As Congress works to resolve the important issues around DACA, please do not forget another group of foreign-born children who were brought into United States legally, and adopted by U.S citizens, yet do not have U.S. citizenship. There are the internationally adopted persons who fell into a loophole that was created when Congress passed the Child Citizenship Act of 2000. (Read Adopted Persons Deserve Equal Protection.)
ALL ADOPTED PERSONS DESERVE EQUAL PROTECTION
UNDER U.S. LAW
"100 years ago, children who were adopted were not automatically able to inherit from their adoptive parents in the same way biological children were. Today, we cannot imagine how adopted children could have fewer rights than other children born into a family. Unfortunately, another significant discrepancy continues to exist for certain internationally adopted persons: A child who was adopted in complete compliance with U.S. law and the laws of the birth country may not be a U.S. citizen, even though the person’s sibling, who was born in the same foreign country to the U.S. parents, would be a full U.S. citizen. Now as adults, one sibling has all the rights of U.S. citizenship, while the adopted sibling may not have automatic rights of citizenship, and is vulnerable to deportation."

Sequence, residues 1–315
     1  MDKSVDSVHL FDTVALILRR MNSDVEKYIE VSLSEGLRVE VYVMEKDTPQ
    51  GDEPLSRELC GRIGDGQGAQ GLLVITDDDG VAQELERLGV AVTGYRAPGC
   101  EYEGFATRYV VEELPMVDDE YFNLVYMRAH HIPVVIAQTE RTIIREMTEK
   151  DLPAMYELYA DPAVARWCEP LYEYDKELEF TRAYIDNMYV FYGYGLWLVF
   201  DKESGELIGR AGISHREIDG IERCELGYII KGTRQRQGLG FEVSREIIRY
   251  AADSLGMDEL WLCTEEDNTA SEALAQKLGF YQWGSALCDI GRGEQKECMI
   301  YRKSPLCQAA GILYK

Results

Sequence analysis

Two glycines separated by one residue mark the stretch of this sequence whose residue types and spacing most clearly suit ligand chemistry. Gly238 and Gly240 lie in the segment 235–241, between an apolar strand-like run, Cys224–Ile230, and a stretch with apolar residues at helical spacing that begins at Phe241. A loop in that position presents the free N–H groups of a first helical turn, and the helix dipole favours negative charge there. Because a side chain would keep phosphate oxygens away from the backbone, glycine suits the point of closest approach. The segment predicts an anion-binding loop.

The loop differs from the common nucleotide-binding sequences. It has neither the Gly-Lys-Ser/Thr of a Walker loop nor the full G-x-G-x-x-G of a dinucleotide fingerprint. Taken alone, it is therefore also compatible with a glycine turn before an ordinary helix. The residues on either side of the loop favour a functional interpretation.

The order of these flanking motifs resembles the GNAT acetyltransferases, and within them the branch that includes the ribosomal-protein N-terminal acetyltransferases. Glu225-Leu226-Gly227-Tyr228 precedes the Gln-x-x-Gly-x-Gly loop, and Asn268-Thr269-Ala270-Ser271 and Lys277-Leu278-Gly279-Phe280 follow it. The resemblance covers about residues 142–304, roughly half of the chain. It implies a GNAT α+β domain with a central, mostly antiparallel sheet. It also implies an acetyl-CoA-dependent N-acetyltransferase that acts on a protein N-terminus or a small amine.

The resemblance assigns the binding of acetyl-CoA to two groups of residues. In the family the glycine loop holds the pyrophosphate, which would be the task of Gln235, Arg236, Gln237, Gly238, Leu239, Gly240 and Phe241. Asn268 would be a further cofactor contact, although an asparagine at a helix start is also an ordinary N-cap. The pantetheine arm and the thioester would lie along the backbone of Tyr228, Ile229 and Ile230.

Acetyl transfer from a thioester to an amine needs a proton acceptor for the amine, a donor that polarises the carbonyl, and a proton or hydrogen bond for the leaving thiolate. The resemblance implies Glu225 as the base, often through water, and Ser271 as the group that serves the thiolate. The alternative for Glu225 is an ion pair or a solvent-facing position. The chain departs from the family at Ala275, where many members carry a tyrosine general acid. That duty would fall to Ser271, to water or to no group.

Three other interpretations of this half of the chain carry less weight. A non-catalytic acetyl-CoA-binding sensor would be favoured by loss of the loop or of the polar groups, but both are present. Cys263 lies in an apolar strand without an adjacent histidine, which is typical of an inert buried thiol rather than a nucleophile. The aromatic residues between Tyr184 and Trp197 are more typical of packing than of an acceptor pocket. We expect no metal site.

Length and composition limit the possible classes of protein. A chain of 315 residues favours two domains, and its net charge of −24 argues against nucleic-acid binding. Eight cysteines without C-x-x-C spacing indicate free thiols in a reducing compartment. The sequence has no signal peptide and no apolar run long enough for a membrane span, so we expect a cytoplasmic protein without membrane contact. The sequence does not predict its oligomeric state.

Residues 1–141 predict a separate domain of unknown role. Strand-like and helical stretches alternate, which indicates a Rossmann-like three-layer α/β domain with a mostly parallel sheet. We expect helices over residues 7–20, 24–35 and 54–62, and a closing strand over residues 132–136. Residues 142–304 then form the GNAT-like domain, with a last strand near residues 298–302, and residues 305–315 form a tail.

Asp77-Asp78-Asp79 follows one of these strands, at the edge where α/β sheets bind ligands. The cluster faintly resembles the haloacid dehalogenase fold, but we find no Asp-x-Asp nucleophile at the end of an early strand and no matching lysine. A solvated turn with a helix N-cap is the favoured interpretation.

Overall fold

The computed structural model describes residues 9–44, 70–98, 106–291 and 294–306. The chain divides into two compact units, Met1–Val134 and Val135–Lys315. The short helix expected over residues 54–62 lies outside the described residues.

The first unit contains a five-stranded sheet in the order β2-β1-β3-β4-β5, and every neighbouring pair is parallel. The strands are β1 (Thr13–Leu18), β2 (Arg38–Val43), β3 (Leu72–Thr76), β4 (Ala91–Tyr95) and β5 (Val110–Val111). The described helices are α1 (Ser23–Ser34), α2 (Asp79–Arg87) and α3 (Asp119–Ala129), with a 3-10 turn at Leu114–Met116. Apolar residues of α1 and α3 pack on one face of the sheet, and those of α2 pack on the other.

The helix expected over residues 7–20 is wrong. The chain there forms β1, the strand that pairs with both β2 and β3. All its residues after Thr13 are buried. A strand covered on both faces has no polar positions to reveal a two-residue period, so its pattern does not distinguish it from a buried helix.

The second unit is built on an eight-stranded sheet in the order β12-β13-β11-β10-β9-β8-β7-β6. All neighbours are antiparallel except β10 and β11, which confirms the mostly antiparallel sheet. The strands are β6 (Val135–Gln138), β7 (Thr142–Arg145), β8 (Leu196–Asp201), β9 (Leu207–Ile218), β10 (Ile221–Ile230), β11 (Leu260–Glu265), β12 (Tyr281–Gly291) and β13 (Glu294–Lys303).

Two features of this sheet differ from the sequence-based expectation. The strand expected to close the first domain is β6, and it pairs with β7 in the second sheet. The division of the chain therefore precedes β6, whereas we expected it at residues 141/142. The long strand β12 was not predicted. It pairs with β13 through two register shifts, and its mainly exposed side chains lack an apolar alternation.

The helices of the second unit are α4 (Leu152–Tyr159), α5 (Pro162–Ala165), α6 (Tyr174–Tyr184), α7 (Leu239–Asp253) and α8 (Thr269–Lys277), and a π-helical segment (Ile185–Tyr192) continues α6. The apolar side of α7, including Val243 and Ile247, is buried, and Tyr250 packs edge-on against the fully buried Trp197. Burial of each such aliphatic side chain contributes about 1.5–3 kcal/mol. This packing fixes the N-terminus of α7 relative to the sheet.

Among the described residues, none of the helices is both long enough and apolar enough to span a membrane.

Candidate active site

Yesterday, the National Council for Adoption shared the news that Ethiopia is choosing to ban intercountry adoption. NCFA's Ryan Hanlon joined BBC World Service Radio to discuss how this decision places unparented children at risk in the Adoption Council Blog.
As Gladney continues to be an advocate for the Adoption Tax Credit, I believe others will benefit from reading Jedd Medefind's "The Adoption Tax Credit Saves Money" opinion published in the December 7, 2017, print edition of the Wall Street Journal.
Several people have recently asked me about what they can do to help retain the Adoption Tax Credit (ATC). The best site to connect with is adoptiontaxcredit.org and then contact their U.S. Senator or Representative.